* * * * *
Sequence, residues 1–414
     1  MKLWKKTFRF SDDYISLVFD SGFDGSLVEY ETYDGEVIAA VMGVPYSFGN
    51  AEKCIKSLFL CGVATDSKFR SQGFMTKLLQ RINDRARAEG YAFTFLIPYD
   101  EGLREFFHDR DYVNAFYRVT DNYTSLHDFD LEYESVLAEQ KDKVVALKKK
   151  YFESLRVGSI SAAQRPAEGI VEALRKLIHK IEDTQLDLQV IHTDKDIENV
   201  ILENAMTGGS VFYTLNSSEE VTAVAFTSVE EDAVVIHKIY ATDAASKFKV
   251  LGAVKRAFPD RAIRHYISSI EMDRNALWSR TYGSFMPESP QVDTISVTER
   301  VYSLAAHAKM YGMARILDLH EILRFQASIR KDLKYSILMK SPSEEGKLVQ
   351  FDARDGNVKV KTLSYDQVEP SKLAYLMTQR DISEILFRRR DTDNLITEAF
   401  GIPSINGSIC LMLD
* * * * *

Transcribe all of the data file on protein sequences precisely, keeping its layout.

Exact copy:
Sequence, residues 1–414
     1  MKLWKKTFRF SDDYISLVFD SGFDGSLVEY ETYDGEVIAA VMGVPYSFGN
    51  AEKCIKSLFL CGVATDSKFR SQGFMTKLLQ RINDRARAEG YAFTFLIPYD
   101  EGLREFFHDR DYVNAFYRVT DNYTSLHDFD LEYESVLAEQ KDKVVALKKK
   151  YFESLRVGSI SAAQRPAEGI VEALRKLIHK IEDTQLDLQV IHTDKDIENV
   201  ILENAMTGGS VFYTLNSSEE VTAVAFTSVE EDAVVIHKIY ATDAASKFKV
   251  LGAVKRAFPD RAIRHYISSI EMDRNALWSR TYGSFMPESP QVDTISVTER
   301  VYSLAAHAKM YGMARILDLH EILRFQASIR KDLKYSILMK SPSEEGKLVQ
   351  FDARDGNVKV KTLSYDQVEP SKLAYLMTQR DISEILFRRR DTDNLITEAF
   401  GIPSINGSIC LMLD